Thursday, September 10, 2015

The Dark Side of the Screen: Film Noir by Foster Hirsch

Posted by Rebecca Brendel

Reviewed by: Jim Patrick

What I Read: The Dark Side of the Screen: Film Noir by Foster Hirsch

Find It @YCLD: Here!

What It's About: This ebook is a 2008 revision of a classic study of film noir that was first published in 1981.  Noir is known for its dark, shadowy visual style and effects, and Hirsch includes well-chosen photographs to illustrate his analysis of various filmmaking techniques.  A chapter titled “The Literary Background” discusses the impact of the “hardboiled” school of crime fiction on film noir.  Writers such as Raymond Chandler, Cornell Woolrich, and James M. Cain are discussed, including the film adaptations of their novels and short stories.  Another chapter is titled “The Cinematic Background.”  The influence of German Expressionism is discussed, particularly in the work of émigré directors such as Fritz Lang, Robert Siodmak, and Billy Wilder.  Chapters are also devoted to “The Noir Actor” and “The Noir Director.”  Hirsch critiques iconic noir actors such as Humphrey Bogart, Robert Mitchum, Barbara Stanwyck, and Gloria Grahame.  In addition to the directors mentioned previously, the book also surveys the noir-related work of Otto Preminger, Orson Welles, Jules Dassin, and others.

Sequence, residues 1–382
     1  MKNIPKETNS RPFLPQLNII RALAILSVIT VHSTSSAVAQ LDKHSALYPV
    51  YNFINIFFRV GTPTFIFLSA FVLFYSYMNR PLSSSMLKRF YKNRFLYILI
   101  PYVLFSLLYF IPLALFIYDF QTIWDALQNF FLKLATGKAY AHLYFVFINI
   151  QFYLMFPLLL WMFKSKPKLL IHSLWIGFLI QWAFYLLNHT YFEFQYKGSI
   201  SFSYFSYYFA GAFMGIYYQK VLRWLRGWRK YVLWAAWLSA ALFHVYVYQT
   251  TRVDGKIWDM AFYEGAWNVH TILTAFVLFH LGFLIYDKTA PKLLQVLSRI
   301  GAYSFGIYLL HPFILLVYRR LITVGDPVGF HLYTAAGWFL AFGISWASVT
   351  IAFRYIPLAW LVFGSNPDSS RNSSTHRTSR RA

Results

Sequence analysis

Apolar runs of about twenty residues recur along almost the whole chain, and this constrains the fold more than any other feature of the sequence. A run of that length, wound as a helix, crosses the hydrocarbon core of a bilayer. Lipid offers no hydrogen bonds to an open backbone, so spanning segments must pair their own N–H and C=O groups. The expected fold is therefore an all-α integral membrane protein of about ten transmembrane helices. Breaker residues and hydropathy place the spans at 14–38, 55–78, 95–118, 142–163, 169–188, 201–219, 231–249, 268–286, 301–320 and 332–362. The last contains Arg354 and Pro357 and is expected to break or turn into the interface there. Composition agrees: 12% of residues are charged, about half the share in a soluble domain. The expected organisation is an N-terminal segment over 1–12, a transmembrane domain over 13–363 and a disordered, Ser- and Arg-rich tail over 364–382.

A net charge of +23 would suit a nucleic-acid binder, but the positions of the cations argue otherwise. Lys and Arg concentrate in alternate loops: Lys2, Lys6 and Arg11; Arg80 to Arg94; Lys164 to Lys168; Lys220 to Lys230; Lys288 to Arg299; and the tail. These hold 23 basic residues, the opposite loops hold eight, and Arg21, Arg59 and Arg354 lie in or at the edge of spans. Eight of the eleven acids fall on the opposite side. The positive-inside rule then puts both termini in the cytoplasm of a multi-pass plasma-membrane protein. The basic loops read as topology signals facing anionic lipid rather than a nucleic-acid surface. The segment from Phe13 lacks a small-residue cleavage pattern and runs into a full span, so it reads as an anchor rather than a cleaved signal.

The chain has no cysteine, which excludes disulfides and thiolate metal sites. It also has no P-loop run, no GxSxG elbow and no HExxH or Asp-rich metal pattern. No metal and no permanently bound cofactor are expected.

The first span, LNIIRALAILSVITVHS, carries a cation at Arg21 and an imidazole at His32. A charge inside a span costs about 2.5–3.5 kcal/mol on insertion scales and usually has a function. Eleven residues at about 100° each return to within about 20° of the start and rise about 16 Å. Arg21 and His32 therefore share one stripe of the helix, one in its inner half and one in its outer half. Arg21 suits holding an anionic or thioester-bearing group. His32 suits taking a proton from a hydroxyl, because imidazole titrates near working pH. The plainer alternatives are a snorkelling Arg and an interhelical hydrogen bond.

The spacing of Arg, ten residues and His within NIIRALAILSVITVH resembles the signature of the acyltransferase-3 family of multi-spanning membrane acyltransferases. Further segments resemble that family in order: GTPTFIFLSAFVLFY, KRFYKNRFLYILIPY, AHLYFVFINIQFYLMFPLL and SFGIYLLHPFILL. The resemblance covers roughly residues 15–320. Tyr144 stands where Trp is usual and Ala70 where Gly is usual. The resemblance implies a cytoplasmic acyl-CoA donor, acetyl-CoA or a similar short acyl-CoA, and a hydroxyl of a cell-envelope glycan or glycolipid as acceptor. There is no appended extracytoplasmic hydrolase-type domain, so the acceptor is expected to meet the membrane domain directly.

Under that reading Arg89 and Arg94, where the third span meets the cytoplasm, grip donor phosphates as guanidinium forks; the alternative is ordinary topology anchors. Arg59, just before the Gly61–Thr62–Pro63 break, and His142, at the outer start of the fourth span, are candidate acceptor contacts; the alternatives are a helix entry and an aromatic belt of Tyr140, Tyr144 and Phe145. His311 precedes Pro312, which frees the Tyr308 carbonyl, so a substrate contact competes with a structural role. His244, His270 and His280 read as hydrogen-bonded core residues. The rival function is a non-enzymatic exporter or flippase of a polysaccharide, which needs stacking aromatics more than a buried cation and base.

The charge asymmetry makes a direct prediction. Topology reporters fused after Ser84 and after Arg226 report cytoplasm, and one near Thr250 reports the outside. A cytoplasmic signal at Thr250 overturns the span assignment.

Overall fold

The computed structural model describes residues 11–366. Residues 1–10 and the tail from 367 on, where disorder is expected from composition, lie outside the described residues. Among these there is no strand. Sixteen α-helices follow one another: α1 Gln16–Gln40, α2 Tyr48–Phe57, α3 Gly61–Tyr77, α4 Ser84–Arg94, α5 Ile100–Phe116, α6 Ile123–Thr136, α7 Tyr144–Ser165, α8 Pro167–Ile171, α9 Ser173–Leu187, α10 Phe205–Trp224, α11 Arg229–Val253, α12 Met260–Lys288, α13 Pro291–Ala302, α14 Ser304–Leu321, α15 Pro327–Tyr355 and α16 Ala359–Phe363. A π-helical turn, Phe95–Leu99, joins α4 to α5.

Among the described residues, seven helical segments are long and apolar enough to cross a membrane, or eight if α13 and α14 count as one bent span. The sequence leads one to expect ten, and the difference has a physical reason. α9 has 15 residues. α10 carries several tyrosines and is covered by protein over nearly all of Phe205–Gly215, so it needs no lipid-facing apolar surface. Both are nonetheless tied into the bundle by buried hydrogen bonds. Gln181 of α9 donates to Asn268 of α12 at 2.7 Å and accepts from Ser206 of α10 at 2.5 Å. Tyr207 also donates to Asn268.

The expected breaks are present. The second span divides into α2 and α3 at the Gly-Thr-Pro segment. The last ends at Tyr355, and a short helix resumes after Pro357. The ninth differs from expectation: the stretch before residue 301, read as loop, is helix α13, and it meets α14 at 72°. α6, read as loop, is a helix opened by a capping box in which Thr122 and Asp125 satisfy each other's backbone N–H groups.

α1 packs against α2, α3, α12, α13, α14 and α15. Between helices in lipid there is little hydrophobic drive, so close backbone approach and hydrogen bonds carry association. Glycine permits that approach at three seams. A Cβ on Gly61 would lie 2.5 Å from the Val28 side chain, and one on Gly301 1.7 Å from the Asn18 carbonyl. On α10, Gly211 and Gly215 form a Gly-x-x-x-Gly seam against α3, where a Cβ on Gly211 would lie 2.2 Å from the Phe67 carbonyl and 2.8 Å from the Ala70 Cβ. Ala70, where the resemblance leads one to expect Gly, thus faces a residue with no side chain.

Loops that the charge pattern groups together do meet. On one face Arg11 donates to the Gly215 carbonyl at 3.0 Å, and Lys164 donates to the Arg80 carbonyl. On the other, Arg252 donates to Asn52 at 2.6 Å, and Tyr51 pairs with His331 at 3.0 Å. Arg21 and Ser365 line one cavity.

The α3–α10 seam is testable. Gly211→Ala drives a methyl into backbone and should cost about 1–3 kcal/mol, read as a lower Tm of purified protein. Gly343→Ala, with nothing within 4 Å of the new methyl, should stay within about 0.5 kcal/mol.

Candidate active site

What I Thought: Foster Hirsch discusses film noir with a sweeping command of the cinematic genre/style/movement that flourished in Hollywood from the mid-forties to the mid-fifties.  His writing is both instructive and engaging.  The only negative aspect of reading this book in ebook format is the size and quality of the many photographs which accompany (and enhance) the text.  On my 6-inch Kindle screen these photographs were very small indeed.  Nonetheless, this is a most enjoyable and useful book for students and fans of classic films.  Watch some film noir—the library has several classic examples on DVD—and use this ebook as your guide!

Readalikes: Out of the Shadows by Gene D. Phillips; Encylopedia of Film Noir by Geoff Mayer

Or look this book up on NoveList!